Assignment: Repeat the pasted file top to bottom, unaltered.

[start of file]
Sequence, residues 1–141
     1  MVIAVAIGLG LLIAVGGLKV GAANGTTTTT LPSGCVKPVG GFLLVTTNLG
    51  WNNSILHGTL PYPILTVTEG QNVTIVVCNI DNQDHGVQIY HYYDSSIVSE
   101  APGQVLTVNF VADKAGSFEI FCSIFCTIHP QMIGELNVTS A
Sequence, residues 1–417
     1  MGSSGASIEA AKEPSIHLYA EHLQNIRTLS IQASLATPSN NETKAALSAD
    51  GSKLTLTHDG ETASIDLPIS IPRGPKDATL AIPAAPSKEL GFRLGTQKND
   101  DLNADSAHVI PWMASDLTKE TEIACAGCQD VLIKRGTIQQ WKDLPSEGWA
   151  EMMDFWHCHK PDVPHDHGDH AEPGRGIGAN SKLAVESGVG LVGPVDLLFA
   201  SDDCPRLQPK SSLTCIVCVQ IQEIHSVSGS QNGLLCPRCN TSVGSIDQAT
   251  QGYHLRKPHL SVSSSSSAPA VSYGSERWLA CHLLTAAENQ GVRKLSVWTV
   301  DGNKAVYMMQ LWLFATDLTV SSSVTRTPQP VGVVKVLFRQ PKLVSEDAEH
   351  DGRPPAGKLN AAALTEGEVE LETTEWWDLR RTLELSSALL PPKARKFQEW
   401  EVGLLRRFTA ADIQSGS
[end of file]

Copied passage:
Sequence, residues 1–141
     1  MVIAVAIGLG LLIAVGGLKV GAANGTTTTT LPSGCVKPVG GFLLVTTNLG
    51  WNNSILHGTL PYPILTVTEG QNVTIVVCNI DNQDHGVQIY HYYDSSIVSE
   101  APGQVLTVNF VADKAGSFEI FCSIFCTIHP QMIGELNVTS A
Sequence, residues 1–417
     1  MGSSGASIEA AKEPSIHLYA EHLQNIRTLS IQASLATPSN NETKAALSAD
    51  GSKLTLTHDG ETASIDLPIS IPRGPKDATL AIPAAPSKEL GFRLGTQKND
   101  DLNADSAHVI PWMASDLTKE TEIACAGCQD VLIKRGTIQQ WKDLPSEGWA
   151  EMMDFWHCHK PDVPHDHGDH AEPGRGIGAN SKLAVESGVG LVGPVDLLFA
   201  SDDCPRLQPK SSLTCIVCVQ IQEIHSVSGS QNGLLCPRCN TSVGSIDQAT
   251  QGYHLRKPHL SVSSSSSAPA VSYGSERWLA CHLLTAAENQ GVRKLSVWTV
   301  DGNKAVYMMQ LWLFATDLTV SSSVTRTPQP VGVVKVLFRQ PKLVSEDAEH
   351  DGRPPAGKLN AAALTEGEVE LETTEWWDLR RTLELSSALL PPKARKFQEW
   401  EVGLLRRFTA ADIQSGS